This post is part of a series called Where's Wuby? Wednesdays where I'll post a new story about Ruby, or diabetic alert dogs in general.  Ruby is a service dog trained to detect high and low blood sugars in Faith and notify me.  She has changed our lives and dramatically improved Faith's blood sugar control.  

If there was ever anything you wanted to know about these dogs, or how they work, ask away and I'll try to answer the best I can; or if you are just as amazed as me at how God created these animals, I hope you'll enjoy reading about the incredible experiences we've had so far with our Ruby.

In the meantime, you can follow Faith and Wuby on Facebook by clicking Here.


This past week, Faith, Ruby and I had the pleasure of being interviewed by Shelly Slater of WFAA Channel 8 News.  The interviewed us as part of an effort to raise awareness about Diabetes Friendly's K9s for Kids event.  We were honored to be a part of this, as DFF was one of the groups that helped pay for Ruby.

Here's the news story:

There are a few little details that they didn't get quite right, (such as Faith is two and not three, and Faith does not get her bg checked 30 times a day, but Ruby does often alert 30 times a day - as she will alert every 15 mins or so until Faith's bg comes back into range), but for the most part I thought they did a pretty good job with the story.  What do you think?

Monday, October 3, 2011


A good God does everything He does for good reason. - Gregg Harris

I've been holding on to this truth this week.  

I have gone back and forth about whether or not to share all this on here, but so many of you have emailed or texted with concern.  I've been too sad to respond, but writing is therapeutic for me, so I decided I'll write it all out and share it with those of you that have been checking on us this week.  It's going to be ridiculously long and probably whiney, you've been warned.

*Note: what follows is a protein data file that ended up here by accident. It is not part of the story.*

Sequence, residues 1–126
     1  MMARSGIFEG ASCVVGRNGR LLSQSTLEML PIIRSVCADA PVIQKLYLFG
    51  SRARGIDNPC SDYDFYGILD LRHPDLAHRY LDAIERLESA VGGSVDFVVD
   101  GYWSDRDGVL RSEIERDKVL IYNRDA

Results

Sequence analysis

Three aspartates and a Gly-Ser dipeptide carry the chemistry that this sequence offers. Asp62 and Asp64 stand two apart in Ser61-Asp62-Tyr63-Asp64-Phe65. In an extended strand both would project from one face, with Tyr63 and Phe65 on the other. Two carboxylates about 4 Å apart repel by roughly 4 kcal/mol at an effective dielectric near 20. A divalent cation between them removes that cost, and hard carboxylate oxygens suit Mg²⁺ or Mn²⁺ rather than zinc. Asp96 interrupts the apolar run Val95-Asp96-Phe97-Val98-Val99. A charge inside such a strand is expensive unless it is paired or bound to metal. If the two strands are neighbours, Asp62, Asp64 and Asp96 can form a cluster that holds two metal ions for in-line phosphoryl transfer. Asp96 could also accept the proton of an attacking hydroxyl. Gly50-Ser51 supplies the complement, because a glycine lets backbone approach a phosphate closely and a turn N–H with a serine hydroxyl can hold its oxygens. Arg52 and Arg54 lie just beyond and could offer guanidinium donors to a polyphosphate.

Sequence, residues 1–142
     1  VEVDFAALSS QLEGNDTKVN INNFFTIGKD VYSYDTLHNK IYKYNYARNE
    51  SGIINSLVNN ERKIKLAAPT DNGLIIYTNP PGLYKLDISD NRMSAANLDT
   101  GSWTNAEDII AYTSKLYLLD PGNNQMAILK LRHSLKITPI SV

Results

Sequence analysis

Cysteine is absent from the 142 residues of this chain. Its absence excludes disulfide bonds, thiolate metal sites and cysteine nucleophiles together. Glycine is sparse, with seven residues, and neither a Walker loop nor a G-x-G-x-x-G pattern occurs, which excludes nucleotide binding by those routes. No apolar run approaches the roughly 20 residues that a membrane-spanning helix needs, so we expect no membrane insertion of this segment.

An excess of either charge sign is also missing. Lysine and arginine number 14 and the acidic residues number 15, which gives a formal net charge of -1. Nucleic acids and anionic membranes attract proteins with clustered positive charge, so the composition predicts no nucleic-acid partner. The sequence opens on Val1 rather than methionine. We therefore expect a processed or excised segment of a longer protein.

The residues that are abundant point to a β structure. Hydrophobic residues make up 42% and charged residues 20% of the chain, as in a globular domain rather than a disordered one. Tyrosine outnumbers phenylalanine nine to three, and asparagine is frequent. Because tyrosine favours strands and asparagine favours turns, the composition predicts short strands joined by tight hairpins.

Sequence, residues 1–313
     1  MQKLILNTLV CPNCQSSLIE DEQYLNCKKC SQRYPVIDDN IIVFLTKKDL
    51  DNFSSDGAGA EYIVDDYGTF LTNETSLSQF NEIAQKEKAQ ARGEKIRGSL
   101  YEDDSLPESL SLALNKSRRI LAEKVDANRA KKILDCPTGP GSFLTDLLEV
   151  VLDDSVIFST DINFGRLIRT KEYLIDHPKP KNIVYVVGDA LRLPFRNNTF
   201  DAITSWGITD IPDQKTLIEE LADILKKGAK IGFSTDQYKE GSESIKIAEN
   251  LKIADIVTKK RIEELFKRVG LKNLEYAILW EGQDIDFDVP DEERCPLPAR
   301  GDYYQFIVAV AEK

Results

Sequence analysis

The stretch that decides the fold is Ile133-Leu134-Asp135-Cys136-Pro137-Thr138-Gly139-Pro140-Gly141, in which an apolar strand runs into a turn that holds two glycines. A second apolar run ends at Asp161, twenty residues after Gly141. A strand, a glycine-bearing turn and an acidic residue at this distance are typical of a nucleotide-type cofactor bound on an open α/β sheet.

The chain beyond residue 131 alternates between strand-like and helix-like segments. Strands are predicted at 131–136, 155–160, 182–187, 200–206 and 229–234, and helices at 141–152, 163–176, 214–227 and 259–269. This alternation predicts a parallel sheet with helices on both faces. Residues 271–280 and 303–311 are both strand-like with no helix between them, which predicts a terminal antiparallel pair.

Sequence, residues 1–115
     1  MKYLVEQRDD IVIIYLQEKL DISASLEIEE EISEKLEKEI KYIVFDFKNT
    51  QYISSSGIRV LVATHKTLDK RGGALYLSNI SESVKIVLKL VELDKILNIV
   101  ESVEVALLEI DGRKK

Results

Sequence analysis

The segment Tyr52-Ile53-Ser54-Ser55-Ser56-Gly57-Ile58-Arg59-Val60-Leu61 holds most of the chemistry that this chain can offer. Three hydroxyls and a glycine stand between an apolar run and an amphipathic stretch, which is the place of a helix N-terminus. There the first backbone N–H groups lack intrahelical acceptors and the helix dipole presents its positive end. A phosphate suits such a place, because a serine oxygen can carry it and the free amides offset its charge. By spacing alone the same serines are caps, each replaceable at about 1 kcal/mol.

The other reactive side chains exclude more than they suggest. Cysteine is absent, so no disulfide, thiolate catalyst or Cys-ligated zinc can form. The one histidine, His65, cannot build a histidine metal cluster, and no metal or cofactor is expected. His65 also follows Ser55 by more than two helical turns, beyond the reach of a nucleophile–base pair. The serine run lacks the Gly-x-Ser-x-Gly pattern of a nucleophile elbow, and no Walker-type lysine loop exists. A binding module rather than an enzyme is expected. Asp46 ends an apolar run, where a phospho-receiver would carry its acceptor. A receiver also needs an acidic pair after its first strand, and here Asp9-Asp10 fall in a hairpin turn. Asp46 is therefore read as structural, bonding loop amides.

About 7 weeks ago, Chuck and I found out we were pregnant.  We were absolutely NOT trying, and we were in shock - and I was completely overwhelmed at the thought of getting even less sleep.  But, we love our big family, so we quickly became very excited about having another precious, funny Wilson kiddo running around this house.  And, if we believe what God says about children - and if we believe God when he says that he won't give us more than we can handle with His strength - then we could see this as nothing but an incredible blessing.

I know some of you are thinking WHAT?!?  Doesn't she have a full plate already? 

Yes, and our hearts are full too.  

I know that to some of you four kids seems like a lot.  To be honest, I'm no more overwhelmed with 4 than I was with 1 or 2.  I know this sounds crazy, but in many ways it gets easier with more children.

I'm so ashamed to say that the one thing that tempered my excitement was the thought of telling others of this blessing and listening to all the negative OMGosh, another baby??  Don't you know what causes that?? comments.  Never again.

Ok, fast forward a bit to two weeks ago.

Chuck is walking through the kitchen one evening and he mentions nonchalantly that he'd been having to run to the bathroom alot the past few days.  Immediately, I thought of diabetes.  

I had him check his blood sugar.

An ugly 354 looked back at us.

No way.

We re-checked.

We grabbed a different meter.  

The ugly number wouldn't go away.

I checked his ketones and thankfully they were negative, so I waited until the next morning and got him in with the first dr that would see him.

Later that day, while I was educating 300+ high school students about diabetes and service dogs, Chuck was at the dr being diagnosed with diabetes.

And, they suspected it could be type 1.

I emailed Dr Casas for a recommendation for an Endo that was knowledgeable about adult onset Type 1.  In true Dr C fashion, and keeping with the Godsend that he's been for us, he called me on my cell.  He scolded me for not calling him first (he's Faith's pedi Endo...I didn't want to waste his time.  I felt like it would be like calling your mechanic and telling him you had a flat on your bike or something - not his problem.)  I was wrong.  He's been SO helpful - ordering tests that should have been run by the first dr, following up on Chuck's condition and numbers, even starting him on insulin to get him some relief while we wait to find out the results of the antibody tests (to determine which type he has).  Once again, we are so very thankful to have Dr Casas in our lives.  For the record, the other dr hasn't checked on Chuck's numbers even once.  Ugh.